Days 17-18: Asian-American in London Sees An American in Paris

Blenheim must be one of those architectural gems featured in An Outline of European Architecture  by Nicholas Pevsner. I wanted to run to my tattered and worn copy on my shelf at home to see if it was. The book got me through most of my Architectural History classes, just at a time when I wondered why studying palaces like these were useful endeavors in life.

A rare English Baroque palace, Blenheim was built by John Vanbrugh. He was a controversial pick over Christopher Wren, who designed and built St. Paul’s Cathedral. Van Brugh managed the project poorly and he himself had to be managed during the process. In the end he left the project in disgrace. It’s funny, but I’m sure I didn’t learn the project management details in architectural history, but it figured prominent in the storytelling about Blenheim.

Van Brugh was probably better known for his layout of the rooms. He originally designed an entire length of the building intended as a picture gallery. It didn’t work out. Maybe there weren’t enough portraits of the family. The walls were converted for use as a library. One of the photo shows how it looks like…well, an afterthought.

The Duke of Marlborough, an original Churchill, lived here. He was granted the property after winning the war against France and Prussia around 1704. The battle took place in Blindheim, Bavaria with 50,000 troops on each side.

Sir Winston Churchill was also born in Blenheim–I didn’t realize that he was born with a silver spoon in his mouth, as they say. Sadly,  I didn’t find this palace very impressive, even though it is now an UNESCO World Heritage Site,

To reach Blenheim by public transportation, it takes a side trip from London through Oxford by train, then by bus to Woodstock. We stayed overnight in Woodstock (half an hour from Oxford) to visit the Palace early the next morning. Woodstockers are proud to claim their namesake that preceded Blenheim by about 500 years, and  ‘way before the piddly little NY town claimed the name. It’s famous for glove-making.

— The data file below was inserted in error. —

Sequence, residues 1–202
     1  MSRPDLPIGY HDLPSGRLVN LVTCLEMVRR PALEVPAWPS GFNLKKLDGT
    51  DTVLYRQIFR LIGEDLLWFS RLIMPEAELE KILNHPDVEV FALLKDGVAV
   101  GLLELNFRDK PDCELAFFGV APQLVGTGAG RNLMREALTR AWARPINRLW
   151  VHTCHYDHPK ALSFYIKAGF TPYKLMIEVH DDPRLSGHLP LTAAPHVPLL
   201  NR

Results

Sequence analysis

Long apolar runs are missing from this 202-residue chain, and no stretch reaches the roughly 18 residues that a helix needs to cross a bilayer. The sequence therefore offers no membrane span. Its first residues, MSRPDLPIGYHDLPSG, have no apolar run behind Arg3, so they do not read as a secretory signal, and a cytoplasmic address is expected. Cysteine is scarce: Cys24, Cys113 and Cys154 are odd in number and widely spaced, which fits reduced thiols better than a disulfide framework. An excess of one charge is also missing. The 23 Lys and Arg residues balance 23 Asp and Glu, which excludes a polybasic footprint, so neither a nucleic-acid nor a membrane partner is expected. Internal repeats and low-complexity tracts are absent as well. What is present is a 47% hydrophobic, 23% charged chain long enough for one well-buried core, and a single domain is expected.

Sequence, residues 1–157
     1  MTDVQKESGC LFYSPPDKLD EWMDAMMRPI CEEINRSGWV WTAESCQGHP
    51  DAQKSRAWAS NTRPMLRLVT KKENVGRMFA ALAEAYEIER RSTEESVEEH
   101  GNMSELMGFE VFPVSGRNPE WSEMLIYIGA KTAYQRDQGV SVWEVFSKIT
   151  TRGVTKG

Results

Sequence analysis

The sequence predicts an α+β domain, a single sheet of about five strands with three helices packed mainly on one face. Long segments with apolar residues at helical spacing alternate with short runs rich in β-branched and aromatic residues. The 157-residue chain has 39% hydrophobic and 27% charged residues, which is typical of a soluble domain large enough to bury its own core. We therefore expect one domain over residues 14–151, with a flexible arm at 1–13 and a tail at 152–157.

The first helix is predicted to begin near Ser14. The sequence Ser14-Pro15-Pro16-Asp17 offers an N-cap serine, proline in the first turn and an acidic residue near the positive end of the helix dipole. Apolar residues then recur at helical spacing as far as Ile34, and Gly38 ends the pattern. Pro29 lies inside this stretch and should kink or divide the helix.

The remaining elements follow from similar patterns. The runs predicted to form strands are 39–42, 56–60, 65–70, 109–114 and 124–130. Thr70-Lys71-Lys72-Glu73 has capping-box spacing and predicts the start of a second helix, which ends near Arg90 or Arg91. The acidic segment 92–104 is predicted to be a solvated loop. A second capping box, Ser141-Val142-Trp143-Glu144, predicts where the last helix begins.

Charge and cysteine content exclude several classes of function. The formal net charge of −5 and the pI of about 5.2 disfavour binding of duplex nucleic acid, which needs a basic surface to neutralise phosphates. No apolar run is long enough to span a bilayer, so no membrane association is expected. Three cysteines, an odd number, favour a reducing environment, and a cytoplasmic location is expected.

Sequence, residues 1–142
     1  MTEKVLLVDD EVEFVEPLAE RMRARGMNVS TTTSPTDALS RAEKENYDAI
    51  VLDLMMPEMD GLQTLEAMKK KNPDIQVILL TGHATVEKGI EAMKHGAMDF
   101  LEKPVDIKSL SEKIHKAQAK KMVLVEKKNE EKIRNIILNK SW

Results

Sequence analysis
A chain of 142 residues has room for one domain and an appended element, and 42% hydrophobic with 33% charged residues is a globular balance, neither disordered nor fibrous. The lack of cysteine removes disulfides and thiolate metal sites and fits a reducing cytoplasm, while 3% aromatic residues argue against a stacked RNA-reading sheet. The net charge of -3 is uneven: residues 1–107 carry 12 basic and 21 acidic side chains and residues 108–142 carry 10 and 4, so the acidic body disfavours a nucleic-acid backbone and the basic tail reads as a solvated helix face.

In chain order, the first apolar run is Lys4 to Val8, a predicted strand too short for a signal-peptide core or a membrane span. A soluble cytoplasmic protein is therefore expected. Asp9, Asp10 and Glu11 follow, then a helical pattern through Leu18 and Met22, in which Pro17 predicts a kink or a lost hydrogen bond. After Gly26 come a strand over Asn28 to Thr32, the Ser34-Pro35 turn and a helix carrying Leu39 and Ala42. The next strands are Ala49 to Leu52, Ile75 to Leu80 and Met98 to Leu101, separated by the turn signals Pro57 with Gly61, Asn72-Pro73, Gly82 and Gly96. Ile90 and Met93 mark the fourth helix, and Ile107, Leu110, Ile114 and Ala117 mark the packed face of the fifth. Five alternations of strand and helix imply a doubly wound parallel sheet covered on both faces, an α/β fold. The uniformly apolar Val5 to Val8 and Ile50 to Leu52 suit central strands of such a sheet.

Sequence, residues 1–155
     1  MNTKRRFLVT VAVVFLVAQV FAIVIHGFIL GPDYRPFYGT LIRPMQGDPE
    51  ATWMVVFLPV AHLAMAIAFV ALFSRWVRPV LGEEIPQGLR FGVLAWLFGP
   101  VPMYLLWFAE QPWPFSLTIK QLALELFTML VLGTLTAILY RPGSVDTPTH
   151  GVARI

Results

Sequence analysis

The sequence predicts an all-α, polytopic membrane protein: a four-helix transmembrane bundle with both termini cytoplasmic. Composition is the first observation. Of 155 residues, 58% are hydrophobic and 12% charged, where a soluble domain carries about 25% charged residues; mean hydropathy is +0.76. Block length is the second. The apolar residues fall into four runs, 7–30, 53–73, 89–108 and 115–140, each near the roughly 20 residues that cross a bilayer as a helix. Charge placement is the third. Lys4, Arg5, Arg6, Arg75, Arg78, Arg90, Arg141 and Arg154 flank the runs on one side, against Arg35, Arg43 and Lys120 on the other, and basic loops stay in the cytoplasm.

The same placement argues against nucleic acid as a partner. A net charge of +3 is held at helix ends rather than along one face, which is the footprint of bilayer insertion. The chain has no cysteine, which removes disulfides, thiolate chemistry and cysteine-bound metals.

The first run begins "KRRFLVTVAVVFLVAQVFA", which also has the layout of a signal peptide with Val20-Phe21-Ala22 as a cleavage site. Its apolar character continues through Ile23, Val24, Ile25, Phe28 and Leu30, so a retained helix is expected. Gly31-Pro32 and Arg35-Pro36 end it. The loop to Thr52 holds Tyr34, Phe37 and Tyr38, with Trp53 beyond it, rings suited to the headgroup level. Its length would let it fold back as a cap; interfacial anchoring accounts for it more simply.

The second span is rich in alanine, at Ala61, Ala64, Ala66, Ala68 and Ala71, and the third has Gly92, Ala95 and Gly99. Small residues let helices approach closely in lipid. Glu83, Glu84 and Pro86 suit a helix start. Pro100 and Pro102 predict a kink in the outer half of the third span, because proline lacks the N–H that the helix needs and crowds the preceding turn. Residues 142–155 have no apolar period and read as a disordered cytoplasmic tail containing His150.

Before the palace was open, we took an early stroll through the grounds. The rolling hills were fun to navigate among the pastoral sheep and a stray pheasant here and there. Not much going on except extensive stretches of green lawn as far as the eye can see and shady trees as shown above. No one was in sight, until we arrived back at the entrance where the tour buses were just unloading the hoards. It started to feel a little bit like St. Petersburg again so we hustled our way out of the throngs quickly.

Our friends in Bath had recommended the Ashmolean Museum in Oxford, so we stopped there after Blenheim on the way back to London. The museum has an impressive ancient art and archaeological  collection and many representative pieces I had not seen elsewhere. I could also continue pursuing Silk Road connections and learn more about the string of cities along it.

From what I recall,  art history seems to formally begin around 3000 BC, when Egyptian civilization became established.  One of the earliest pieces in the museum was from as early as 8000 BC, during the Neolithic period in Metsopotamia. Here are a few of my favorite pieces from later periods:

On return to London, I planned a special return visit to Fez Mangal, an “authentic” Turkish restaurant in the Ladbroke Grove neighborhood. I craved its fresh mezzes and kebabs as much as those in Istanbul. Friend and fellow traveler Karen will remember this restaurant from our 2014 visit to London. While we waited for a table SRO, we ordered our sea bream and mixed grill (with lamb, chicken, and mixed lamb kebabs) dishes in advance of being seated.